OPINION / OBSERVER
US political correctness won’t solve racial inequality
Published: Jun 11, 2020 09:58 PM

A protester holds a sign in front of Army National Guard troops at a demonstration over the death of George Floyd in Hollywood, California on Tuesday. Photo: AFP


Can political correctness solve deep-rooted social problems such as racial inequality in the US? I suppose Americans are in the best position to answer this question, and a majority of them could say, "No."

As the flames of anger fueled by George Floyd's death continue to spread in the US, political correctness has triggered a series of incidents - a statue of a Confederate general in Virginia was toppled by protesters; Friends co-creator Marta Kauffman expressed regret for the lack of racial diversity on the TV series; top Pentagon leaders said they were open to discussing renaming 10 US Army facilities; and Gone With the Wind, the US Civil War epic considered a classic of American cinema, has been temporarily pulled from HBO Max.

However, all of these are only temporary relief that will definitely fail to touch the core of the deep-rooted racial inequality in the US. 

It took the US 100 years to outlaw racial segregation after slavery had been abolished in the country. Another half century has passed, but the US of 2020 is still replaying the scenarios that were commonly seen in 1968. Worse, from some perspectives, ethnic minorities in today's US suffer more than ever. 

The efforts of countless pioneers at the cost of their lives for racial equality seem to have ended up in vain. No matter how glorious political correctness looks like, the US has never been spared from racial inequality. Under the guidance of political correctness, neither catering to public mood nor issuing statements can dispel the haze of racial inequality. 

Floyd's death has fanned the flames of fierce protests against racial discrimination, but the movements cannot budge the current US government. US President Donald Trump used discriminatory words such as "lowlife and scum" to describe protesters, continuing to stir the sensitive nerves of racial inequality. Although some senior Democrats vowed to press legislation to undo systemic racism, they haven't brought about anything pragmatic.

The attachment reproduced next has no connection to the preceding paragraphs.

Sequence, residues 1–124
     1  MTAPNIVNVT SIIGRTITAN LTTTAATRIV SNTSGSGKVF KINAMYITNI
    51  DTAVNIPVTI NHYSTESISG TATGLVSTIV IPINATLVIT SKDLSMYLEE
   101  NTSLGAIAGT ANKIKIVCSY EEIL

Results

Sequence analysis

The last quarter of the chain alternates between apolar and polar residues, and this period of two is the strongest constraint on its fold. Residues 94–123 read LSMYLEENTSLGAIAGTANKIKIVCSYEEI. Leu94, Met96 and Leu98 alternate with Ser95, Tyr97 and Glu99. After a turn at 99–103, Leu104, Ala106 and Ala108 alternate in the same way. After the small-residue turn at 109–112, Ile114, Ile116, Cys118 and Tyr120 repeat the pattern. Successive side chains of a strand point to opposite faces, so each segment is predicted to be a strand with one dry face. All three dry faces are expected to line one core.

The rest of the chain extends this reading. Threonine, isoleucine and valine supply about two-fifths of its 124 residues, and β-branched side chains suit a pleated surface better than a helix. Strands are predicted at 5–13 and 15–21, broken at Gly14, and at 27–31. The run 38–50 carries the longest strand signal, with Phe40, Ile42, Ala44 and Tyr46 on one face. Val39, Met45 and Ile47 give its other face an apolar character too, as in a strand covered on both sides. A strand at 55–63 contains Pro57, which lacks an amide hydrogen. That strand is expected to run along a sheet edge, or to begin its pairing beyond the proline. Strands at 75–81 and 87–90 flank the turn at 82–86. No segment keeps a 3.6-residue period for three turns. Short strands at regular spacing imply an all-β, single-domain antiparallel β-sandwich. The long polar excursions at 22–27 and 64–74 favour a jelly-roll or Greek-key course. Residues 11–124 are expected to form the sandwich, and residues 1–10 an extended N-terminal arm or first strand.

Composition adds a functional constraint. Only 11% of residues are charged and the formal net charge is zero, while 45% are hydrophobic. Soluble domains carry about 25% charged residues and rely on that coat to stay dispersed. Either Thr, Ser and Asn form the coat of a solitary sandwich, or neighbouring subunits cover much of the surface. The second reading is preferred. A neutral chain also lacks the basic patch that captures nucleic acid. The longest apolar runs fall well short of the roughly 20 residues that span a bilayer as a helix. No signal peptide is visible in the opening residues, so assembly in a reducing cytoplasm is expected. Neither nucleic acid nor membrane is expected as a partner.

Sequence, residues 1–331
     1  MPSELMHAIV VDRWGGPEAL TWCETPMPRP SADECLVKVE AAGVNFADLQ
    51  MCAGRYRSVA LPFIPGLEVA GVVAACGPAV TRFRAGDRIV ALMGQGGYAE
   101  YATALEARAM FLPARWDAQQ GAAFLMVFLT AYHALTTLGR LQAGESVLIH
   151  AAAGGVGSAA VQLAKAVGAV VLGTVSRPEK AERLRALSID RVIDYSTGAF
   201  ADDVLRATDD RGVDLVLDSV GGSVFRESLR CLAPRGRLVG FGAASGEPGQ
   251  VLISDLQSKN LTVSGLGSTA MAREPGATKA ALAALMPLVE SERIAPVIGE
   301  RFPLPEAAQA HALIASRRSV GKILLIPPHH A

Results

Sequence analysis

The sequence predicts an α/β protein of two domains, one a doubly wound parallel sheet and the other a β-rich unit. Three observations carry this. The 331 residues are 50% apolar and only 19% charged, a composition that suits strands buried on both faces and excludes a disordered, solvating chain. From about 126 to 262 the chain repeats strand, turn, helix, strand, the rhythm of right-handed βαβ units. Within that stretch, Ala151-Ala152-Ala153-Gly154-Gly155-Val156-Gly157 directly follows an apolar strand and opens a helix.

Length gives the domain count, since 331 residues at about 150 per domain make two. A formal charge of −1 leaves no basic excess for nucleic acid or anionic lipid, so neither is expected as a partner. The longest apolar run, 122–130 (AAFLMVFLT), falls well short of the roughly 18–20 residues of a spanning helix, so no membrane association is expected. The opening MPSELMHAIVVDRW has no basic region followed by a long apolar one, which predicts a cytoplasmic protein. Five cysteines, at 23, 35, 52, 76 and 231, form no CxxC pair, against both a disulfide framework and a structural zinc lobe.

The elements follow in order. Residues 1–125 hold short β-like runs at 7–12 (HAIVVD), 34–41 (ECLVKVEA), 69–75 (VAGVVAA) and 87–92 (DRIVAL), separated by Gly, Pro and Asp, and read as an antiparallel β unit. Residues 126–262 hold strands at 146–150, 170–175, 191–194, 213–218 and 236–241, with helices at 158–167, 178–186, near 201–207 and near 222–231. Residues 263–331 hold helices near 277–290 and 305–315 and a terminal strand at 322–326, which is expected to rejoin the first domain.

Meanwhile, the racial equality issue has been increasingly politicized in the US and turned into a tool for politicians to gain more political interests. Politicians are taking advantage of the issue to gain interests rather than to strive for the rights of minority groups. 

Political correctness has just veneered and whitewashed the problems at the surface but never truly addressed the root of the problems. 

Political correctness is no cure to racial inequality. As long as US politicians politicize the problem and make use of it for self-interests, ordinary Americans will not be able to enjoy real racial equality, and the racism crisis will reappear again and again. 

Under the current US political structure, the problems of racial inequality are nearly impossible to be solved. Conflicts between Republicans and Democrats are becoming extremely intense. They will not compromise. Worse, both parties don't even dare think about compromising. Hence, the impetus and vitality for reform are lost in the day-to-day party conflicts. But if things continue this way, will the US have enough political resources to solve this social problem instead of being completely torn apart by it? 


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